The Statue of Liberty is holding her heart’s light high up, for anyone who needs to see it. I pulled up pictures of her on google.

She looks serious. This is serious work, this fighting of fear. But she looks determined and calm.

I will think of her. I will think of what she stands for, a symbol of our American struggle for independence from the lack of freedom and choice. I will think of her holding her light up high for anyone who needs to see it.

Hold up your heart’s light for anyone who wants to see it.

Good night, Zach. We look for you to come home safe. And now it is time for me to go back to sleep.


Thanks for checking in,

Tuesday, November 10, 2009

Letter To Zach From Riley

One December, Riley arrived at our house. Riley is a big young Weimeraner. He's Zach's dog, and he'll be living with us while Zach is in the Marines.

think bouncy, like Tigger. And then add Extremely Very Bouncy Lived With Marines And Is A Big Goofball.

Every now and then, Riley writes Zach a letter to tell him what it's like living at Camp Home. He gets in trouble a lot and it makes him feel better to complain about how unfair it is in a letter to Zach.

This is his most recent one.

Dear Zach,

Well, something remarkable has happened. Something truly wonderful!

Someone besides me is in trouble!

It is always me who is In Trouble. I have to tell you, it is just wonderful to hear Mom mad at somebody besides me.

Now, Really Perfect would be if The Little Cat got in trouble! I mean, Mom dotes on The Little Cat as if it was her baby. But no, that thing is never going to be in trouble. No.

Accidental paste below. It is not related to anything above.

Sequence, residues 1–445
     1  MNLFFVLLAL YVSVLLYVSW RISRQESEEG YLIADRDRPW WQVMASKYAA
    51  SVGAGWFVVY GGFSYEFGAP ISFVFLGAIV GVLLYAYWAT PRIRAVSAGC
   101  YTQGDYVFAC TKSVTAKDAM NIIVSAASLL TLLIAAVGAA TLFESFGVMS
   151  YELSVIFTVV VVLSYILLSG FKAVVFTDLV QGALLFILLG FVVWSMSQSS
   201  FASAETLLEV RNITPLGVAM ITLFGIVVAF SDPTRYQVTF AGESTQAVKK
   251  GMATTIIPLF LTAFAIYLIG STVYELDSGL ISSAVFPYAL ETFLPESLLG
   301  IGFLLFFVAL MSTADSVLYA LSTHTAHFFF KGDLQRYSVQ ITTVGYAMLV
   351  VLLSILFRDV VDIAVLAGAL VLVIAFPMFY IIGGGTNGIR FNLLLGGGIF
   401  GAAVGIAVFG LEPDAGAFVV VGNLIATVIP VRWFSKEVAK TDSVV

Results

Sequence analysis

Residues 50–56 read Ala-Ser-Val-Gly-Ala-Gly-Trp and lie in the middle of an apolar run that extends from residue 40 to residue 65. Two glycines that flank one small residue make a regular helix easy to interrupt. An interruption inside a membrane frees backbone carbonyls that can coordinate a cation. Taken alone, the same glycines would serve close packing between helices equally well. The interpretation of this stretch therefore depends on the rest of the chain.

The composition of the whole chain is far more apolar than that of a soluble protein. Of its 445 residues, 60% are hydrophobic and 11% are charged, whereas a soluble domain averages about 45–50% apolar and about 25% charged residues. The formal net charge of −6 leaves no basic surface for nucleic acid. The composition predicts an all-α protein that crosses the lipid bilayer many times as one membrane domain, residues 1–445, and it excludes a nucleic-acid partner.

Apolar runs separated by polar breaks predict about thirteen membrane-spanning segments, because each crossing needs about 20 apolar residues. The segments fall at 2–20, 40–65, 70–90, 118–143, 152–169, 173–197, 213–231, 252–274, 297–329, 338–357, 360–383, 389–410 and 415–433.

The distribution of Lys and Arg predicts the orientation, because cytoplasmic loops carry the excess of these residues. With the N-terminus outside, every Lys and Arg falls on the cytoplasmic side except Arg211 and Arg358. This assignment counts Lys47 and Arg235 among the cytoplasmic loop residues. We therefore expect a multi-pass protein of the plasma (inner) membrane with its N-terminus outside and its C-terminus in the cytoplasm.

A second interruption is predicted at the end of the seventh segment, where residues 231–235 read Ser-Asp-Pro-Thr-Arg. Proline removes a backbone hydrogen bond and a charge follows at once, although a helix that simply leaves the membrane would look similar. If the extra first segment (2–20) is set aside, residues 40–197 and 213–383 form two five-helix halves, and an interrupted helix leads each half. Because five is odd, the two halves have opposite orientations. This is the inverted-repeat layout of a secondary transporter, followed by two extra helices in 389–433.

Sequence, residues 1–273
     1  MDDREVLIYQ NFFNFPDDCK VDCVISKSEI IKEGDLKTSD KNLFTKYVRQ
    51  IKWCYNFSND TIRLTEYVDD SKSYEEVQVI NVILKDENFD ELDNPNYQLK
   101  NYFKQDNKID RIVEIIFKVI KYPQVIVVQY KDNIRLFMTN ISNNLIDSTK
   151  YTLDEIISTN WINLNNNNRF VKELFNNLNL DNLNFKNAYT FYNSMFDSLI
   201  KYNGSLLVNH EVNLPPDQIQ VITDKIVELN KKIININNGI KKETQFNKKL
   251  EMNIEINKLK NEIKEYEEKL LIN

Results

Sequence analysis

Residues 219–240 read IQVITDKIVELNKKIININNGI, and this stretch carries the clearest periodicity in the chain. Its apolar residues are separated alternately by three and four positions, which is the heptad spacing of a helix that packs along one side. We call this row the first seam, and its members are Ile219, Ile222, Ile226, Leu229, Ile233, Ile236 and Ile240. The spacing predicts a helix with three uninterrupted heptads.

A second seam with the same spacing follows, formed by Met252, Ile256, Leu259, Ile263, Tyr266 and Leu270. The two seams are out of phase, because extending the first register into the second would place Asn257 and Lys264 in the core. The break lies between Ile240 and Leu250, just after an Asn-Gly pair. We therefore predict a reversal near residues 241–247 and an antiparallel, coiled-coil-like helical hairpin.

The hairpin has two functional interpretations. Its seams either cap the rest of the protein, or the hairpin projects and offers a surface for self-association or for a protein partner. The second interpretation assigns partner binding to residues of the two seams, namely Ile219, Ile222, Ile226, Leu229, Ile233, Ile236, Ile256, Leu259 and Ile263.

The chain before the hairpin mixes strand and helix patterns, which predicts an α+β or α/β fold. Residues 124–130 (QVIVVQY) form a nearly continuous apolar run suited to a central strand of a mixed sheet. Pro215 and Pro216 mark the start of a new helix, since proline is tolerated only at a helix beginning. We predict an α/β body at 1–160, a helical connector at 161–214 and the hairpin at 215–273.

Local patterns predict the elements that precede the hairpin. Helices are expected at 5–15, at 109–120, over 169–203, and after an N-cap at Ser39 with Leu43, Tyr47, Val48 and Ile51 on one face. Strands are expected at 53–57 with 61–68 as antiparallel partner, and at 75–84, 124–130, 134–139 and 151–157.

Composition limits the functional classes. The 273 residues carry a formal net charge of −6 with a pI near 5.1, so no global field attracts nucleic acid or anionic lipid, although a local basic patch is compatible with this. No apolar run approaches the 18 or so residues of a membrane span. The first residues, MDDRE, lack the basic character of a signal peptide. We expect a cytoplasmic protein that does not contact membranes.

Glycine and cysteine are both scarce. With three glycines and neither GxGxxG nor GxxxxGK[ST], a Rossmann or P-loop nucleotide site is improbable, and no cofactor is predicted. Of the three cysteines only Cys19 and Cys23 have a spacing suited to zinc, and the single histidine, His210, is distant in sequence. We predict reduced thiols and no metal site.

And I don’t care if the Big Cat ever gets in trouble. I mean, that thing is almost like a dog itself. It is massive. And it’s not all cat-persnickety.

And it’s not me. I already told you that.
So have you guessed? Well, I’ll tell you. It’s Amy.

Now, you know Amy and I get along pretty good most of the time. But sometimes she annoys me.

I mean, she does her stupid little Trick and everybody goes on and on about what a cute little beagle she is. So I have to knock her over. Then I get yelled at for being too big and too bouncy and too rough.

And, okay, sometimes I do Bounce her and knock her down just for the fun of it. But honestly, it’s not because I’m jealous of the attention she gets.

Not exactly.

But anyway, I’m just delighted that SHE got in touble today instead of ME! It’s ALWAYS me! And this time it’s AMY! And it’s the worst kind of trouble.

You know Mom hates poop. Hates it.

Especially, especially dog poop. She absolutely cannot STAND the smell of it.

I’m laughing already telling you about this.

Two nights ago Mom was turning on the lights and looking furiously all over her bedroom in the middle of the night. She had been sleeping and had woken up, as she was saying, to the “horrific smell of dog poop in my bedroom”.

Apparently Mom’s nose is pretty good. Because she found a pile of poop right on the floor next to her bed. ON HER SOCK.

Oh, she was mad. She was SO Mad. Amy must have gotten up, took a dump on her carpet, and then trotted into the bathroom to get a drink.

Mom was so gagging she had to wake up Dad to clean it up. She tried, I’ll give her that. But it was pretty bad.

Then they went back to bed. And I was all pleased. I laughed to myself over and over because Mom was mad at Amy all the next day.


It gets SO much better.

This morning, Mom was getting dressed and I heard her say
…wait for it….
….wait for it…

“Why is my heel all black?”